The ongoing scarcity of laptops and personal computers (PCs) may worsen as industry experts are now projecting that the prevailing paucity may persist until the third quarter of 2021.
Previous reports indicate that the situation is a result of disruptions caused by the COVID-19 pandemic and increased demand for units worldwide.
Equally important, global computer Original Equipment Manufacturers (OEMs) have admitted that there are no easy fixes or a quick way out of the current scarcity, with a number of paid-up orders already being recalibrated for shipment in April/May or June next year. The situation has seen urgent requirements of laptops for business, learning and leisure needs grossly affected the world over.
Enquiries from major distributors in Dubai and Nigeria indicate that back-log of orders are still yet to be shipped. They insist that manufacturers, who are struggling to cope with supply chain disruptions, are finding it hard to clear their demand logs. The situation is the same with all the big players including HP, Lenovo, Dell, Asus, among others.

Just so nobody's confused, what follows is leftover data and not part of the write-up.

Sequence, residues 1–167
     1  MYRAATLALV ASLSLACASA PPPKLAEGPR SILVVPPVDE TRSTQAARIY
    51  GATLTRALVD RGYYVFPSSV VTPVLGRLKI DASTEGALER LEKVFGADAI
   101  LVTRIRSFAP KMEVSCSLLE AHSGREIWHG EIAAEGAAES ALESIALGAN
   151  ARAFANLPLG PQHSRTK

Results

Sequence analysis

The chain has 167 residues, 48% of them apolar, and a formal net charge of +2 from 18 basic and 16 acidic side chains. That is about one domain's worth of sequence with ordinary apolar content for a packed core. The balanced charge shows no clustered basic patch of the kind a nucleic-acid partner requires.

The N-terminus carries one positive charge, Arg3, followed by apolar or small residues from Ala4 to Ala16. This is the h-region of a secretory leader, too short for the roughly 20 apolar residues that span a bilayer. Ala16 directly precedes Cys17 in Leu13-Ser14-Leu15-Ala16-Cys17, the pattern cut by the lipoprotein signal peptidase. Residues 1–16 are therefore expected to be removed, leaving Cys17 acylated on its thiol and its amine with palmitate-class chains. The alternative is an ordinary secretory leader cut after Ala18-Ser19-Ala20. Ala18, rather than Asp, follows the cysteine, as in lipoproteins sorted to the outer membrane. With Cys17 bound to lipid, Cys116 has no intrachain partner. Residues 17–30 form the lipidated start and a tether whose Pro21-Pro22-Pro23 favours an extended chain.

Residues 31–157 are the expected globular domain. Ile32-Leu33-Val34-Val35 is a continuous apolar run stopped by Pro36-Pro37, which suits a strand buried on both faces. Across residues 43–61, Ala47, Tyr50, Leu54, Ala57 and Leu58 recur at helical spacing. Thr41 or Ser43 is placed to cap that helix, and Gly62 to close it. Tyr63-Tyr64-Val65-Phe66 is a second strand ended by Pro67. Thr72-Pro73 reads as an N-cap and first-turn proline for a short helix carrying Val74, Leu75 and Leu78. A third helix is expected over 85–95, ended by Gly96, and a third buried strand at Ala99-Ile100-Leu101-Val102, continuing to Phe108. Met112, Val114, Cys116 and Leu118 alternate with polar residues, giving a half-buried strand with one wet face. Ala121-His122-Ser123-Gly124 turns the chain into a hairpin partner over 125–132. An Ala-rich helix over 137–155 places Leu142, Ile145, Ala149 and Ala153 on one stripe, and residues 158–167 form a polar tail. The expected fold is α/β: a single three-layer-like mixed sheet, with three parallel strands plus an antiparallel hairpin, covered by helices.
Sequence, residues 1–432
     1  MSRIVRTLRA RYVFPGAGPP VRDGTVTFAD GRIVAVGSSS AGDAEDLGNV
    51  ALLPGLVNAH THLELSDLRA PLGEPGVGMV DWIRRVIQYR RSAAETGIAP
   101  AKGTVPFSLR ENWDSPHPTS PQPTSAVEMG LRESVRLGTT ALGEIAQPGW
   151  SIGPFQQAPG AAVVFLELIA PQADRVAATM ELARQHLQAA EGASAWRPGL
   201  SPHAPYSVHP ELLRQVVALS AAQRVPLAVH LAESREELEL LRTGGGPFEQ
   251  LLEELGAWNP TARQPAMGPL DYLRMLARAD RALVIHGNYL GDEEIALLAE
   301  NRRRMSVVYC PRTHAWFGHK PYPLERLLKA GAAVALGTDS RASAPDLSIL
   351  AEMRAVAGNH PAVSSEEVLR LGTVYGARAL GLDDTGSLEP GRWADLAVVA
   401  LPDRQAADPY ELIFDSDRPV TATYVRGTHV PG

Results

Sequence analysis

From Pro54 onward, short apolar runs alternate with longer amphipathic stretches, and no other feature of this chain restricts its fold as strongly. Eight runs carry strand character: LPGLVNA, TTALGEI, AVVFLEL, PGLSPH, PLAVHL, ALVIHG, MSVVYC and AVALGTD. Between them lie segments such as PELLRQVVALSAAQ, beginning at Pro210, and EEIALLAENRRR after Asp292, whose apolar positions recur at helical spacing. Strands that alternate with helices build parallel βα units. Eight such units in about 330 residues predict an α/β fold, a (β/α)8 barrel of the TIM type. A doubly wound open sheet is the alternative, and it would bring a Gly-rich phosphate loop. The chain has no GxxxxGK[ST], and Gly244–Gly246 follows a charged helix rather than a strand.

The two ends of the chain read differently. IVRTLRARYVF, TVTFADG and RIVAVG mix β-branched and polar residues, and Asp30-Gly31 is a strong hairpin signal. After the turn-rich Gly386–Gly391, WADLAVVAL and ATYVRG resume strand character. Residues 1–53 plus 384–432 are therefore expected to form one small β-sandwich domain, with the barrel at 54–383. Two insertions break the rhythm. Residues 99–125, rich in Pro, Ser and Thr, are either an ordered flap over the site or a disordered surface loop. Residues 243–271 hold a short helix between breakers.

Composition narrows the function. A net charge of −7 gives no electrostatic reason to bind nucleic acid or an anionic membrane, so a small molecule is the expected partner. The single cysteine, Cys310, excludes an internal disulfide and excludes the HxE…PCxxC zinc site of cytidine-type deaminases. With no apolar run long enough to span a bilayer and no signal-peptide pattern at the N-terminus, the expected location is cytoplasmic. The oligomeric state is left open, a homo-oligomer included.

Nigeria, Africa’s biggest market, is one of the hardest hit by the current scarcity.
Consumers, including businesses, educational institutions and individual users, are bearing the brunt of the situation, with prices flying for the few available units in the market as greedy retailers cash in on the prevailing scarcity to jack up their margins. A commentator, Bayo Oshunde, says the situation will get even worse as university students prepare to return to school in the face of a potential compromise between the Academic Staff Union of Universities (ASUU) which has been on a 10-month strike and the Federal Government.
‘‘The scarcity is really biting hard here in Nigeria. Prices are at an all-time high for few systems available in the market and a number of sellers are taking a pound of flesh from consumers as a result.
‘‘But this is just the beginning for Nigeria. In my opinion, the situation is going to get even worse before it gets better. Right now, the Federal Government has made a few significant concessions to ASUU and the word on the street is that the strike may be called off soon. The resumption of university students will put even greater pressure on demand for laptops, PCs and other devices.
‘‘The downside of this is that many of our students in their final or penultimate years in school, whose parents or guardians cannot afford to compete for the heavily-priced few units on sale, will be forced to enter the already overstretched and fiercely-competitive labour market as analogue graduates,’’ he lamented.